There is no single meaning of the Bush doctrine. In fact, there have been four distinct meanings, each one succeeding another over the eight years of this administration -- and the one Charlie Gibson cited is not the one in common usage today.In fairness, there is wiki-edit debate (along with an argument that the "spreading democracy" meaning, which Krauthammer argues superseded the "pre-emptive war" definition, has been dropped and that really, a doctrine of "preventative war" is its lasting definition), and a commenter on an earlier diary said:
Why worry about what reader editors change in the Wikipedia entry about the Bush Doctorine? Just post the AEI link that InsultComicDog already posted above.I would point out that this commentor is citing a January 2003 essay, while Krauthammer states that "the fourth and current definition of the Bush doctrine [...] was most dramatically enunciated in Bush's second inaugural address," which was January of 2004.
"The Underpinnings if the Bush Doctrine" by Thomas Donnelly; posted Friday January 31, 2003.
NATIONAL SECURITY OUTLOOK
AEI Online (Washington)
Publication Date: February 1, 2003.
"...But in fact the Bush Doctrine represents a return to the first principles of American security strategy. The Bush Doctrine also represents the realities of international politics in the post-cold-war, sole-superpower world. Further, the combination of these two factors--America's universal political principles and unprecedented global power and influence--make the Bush Doctrine a whole greater than the sum of its parts; it is likely to remain the basis for U.S. security strategy for decades to come."Then read on down to find the section entitled: "The Logic of Preemption"
Personally, I think if a "Doctrine" has gone through four incarnations, and the author of said doctrine has never explicitly stated one particular articulation as THE definition, then it's problematic to quiz someone on it as a "gotcha." And really, can't we just debate the substance of these "doctrines" and whether we do or do not want them as guiding foreign policy principles?
I never intended this blog to become Sarah Palin Watch!!!11elevenI took a break from PalinWatch myself a bit this week because I was reading and discussing feminism(s) -- which totally grew out of Palin conversations. But reading the metro and watching CNN on Friday morning, I was feeling tired of it. Which leaves me with a pile of claims and rebuttals about mostly insubstantial stuff. Hi, dKos etc., you could have been using all that "unknown quantity VP pick!" energy to focus on Troopergate etc., but instead you got all tabloidy and are only focusing on more substantial stuff now that a lot of that energy's died down. I'm above average engaged (in relation to the populace as a whole that is; I'm below average engaged compared to the people I surround myself with) and I'm tired of talking about Sarah Palin. What about all those "low information" voters? Yeah, people will keep repeating the untrue things about Palin and will be swayed to not vote for her, but don't we decry that same thing on the other side? It may get the vote out, but it also makes that side look bad. I mean, are you likely to listen to any critiques from someone who insists that Obama is a Muslim?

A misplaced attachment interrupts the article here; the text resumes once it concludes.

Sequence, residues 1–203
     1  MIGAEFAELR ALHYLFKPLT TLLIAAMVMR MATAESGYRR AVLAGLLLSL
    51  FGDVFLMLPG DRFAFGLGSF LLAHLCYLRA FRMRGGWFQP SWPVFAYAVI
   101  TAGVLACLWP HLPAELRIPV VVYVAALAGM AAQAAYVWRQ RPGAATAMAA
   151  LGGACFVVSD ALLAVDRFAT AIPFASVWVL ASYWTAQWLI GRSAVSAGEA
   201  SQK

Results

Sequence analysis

But because I haven't seen this on any of the feminist blogs I follow (got it via LJ), here's Sarah Palin's record on Native Alaskan issues, with citations. The formatting's a bit wacky thanks to Blogspot, but C&P isn't hard, and I think it's relevant information.
I later read:
Over the Labor Day weekend, with most of the big enchiladas of the major media on vacation, the vacuum was filled with a hallucinatory hurricane in the leftist blogosphere, which unleashed a grotesquely lurid series of allegations, fantasies, half-truths and outright lies about Palin. What a tacky low in American politics -- which has already caused a backlash that could damage Obama's campaign. When liberals come off as childish, raving loonies, the right wing gains. I am still waiting for substantive evidence that Sarah Palin is a dangerous extremist. I am perfectly willing to be convinced, but right now, she seems to be merely an optimistic pragmatist like Ronald Reagan, someone who pays lip service to religious piety without being in the least wedded to it. I don't see her arrival as portending the end of civil liberties or life as we know it.Paglia also writes:
-Camille Paglia ("Fresh blood for the vampire")
But what of Palin's pro-life stand? Creationism taught in schools? Book banning? Gay conversions? The Iraq war as God's plan? Zionism as a prelude to the apocalypse? We'll see how these big issues shake out. Right now, I don't believe much of what I read or hear about Palin in the media. To automatically assume that she is a religious fanatic who has embraced the most extreme ideas of her local church is exactly the kind of careless reasoning that has been unjustly applied to Barack Obama, whom the right wing is still trying to tar with the fulminating anti-American sermons of his longtime preacher, Jeremiah Wright.Bless her atheist libertarian heart. I so often read stuff like this dKos diary ["Is Mormonism Christian? Just Ask A Pentecostal"] which prompted me to write to a friend: